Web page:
Ok, I couldn't remember. It was a long while ago - I know I didn't have enough to do training but I was climbing so frequently with friends who didn't have training either, that I wanted to know if I was doing it safely/the best way before I got lots of bad habits.
That sounds completely insane! Is there any element of a single pitch route that isn't part of a multi-pitch route? Surely the last pitch of any multi-pitch route is identical to a single pitch route in every way except for being tied in to start?
This could probably end up being an issue for me too if someone else is also being stupid about it...
Examination of my logbook shows that of my 24 lead/alt-lead routes, 13 are multipitch (and it would be 14 if I hadn't done one two-pitch route in one)...
Its not that insane to expect people doing a single pitch award to have a suitable amount of single pitch experience.
There are pages in you log book for single pitch and multy pitch climbs.
You are now encouraged to you’re the candidate management system on the Mountain Training web site and log climbs, walking, etc on the dlog.
I don't think it's hugely difficult to get the experience either. If you go out with the intention of getting routes logged for your book you should be able to get ten done in a day, so twenty in a weekend. A couple of weekends effort shouldn't be too much to ask!
You inspired me to check out DLOG and all I can say is I wish I hadn't.
What a mess? It's even worse than their over complex paper logbooks!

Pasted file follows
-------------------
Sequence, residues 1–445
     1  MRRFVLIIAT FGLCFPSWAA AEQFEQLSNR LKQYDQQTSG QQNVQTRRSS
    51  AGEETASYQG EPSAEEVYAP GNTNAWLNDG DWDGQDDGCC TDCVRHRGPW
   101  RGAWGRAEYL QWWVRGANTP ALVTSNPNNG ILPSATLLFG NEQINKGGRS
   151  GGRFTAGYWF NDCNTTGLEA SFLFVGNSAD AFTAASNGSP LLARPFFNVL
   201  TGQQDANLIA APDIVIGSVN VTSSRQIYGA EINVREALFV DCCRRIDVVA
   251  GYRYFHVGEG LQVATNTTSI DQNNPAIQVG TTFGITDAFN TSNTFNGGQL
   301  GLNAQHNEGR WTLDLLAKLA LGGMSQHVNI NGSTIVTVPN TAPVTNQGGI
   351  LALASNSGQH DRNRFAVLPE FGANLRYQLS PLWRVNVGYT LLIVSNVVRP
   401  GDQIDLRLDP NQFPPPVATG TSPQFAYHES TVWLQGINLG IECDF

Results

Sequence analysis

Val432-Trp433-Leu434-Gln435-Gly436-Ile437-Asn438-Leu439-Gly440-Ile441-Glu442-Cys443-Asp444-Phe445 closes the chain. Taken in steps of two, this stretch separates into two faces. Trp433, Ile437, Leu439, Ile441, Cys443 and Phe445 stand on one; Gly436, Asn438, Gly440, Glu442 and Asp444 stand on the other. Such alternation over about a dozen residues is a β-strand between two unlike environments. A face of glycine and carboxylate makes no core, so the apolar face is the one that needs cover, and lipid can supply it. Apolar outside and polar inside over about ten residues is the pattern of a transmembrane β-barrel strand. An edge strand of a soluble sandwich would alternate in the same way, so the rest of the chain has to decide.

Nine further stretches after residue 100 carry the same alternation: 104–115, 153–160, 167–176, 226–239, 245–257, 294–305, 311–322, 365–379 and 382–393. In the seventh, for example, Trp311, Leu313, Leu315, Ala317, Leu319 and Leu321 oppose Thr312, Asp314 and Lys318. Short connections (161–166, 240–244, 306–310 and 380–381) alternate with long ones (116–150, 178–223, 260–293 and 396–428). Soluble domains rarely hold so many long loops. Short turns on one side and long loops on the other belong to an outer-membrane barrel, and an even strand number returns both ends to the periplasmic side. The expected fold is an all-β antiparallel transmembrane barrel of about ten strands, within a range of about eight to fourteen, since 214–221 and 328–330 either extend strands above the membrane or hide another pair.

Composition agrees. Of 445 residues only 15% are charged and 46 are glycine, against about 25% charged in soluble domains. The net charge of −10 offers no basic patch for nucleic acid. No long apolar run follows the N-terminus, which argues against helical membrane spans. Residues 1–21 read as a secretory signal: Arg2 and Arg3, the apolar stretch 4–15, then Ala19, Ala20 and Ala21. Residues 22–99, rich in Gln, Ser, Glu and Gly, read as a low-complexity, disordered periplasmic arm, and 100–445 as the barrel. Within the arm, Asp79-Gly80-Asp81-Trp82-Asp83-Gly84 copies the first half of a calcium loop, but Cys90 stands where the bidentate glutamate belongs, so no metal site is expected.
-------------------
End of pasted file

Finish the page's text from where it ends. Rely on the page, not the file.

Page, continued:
. A couple of weekends effort shouldn't be too much to ask!
...and that can be misleading as it would not actually give much breadth of experience even if you went to different areas/ rock types. In some ways the number of routes required is very low. I'm sure the assessors can determine the real level of experience/competence/ suitability despite what the 'climbs logged' total is.
I'm not sure whether you're looking at training or assessment but either way I'd suggest asking your chosen course/assessment provider to do this.
I can see how an assessor might be pedantic and not count climbs at Gogarth, Tremadog or Avon towards "X number of single pitch leads", but it'd be particularly harsh to also ignore them as evidence of "breadth of experience", surely? I haven't done SPA, though, so maybe I'm wrong and missing something...
They will definitely count your multi-pitch climbs etc in breadth of experience and on my assessment we spent a fair bit of time in the morning chatting about what we'd climbed, favourite routes etc. Over the course of the two days they will get a good picture of whether you are experienced enough.
My previous point was really that if you could, with a little application, do 20 routes in a weekend, I don't think asking for 60 routes logged to become an instructor is really asking for much. If I were paying for an instructor to take me out top-roping I would personally hope they had more than three weekend's worth of routes logged.
One of the key things I found during assessment was that the instructors want you to be slick, find bomber gear every time and get everything set up quickly and efficiently. The more practise you have placing gear (whether single or multi pitch) the better you will be at that.
If you have registered very recently, like me, you are not just encouraged but required (as I am not getting a paper logbook). And the DLOG is an absolute PITA. I am also not sure whether I should be putting the routes I have done leading other people up as 'supervision activity', or whether I should (or even can) just create a separate 'supervision activity' for each day I have been helping/leading for less experienced people etc and put all routes done as not supervision activity?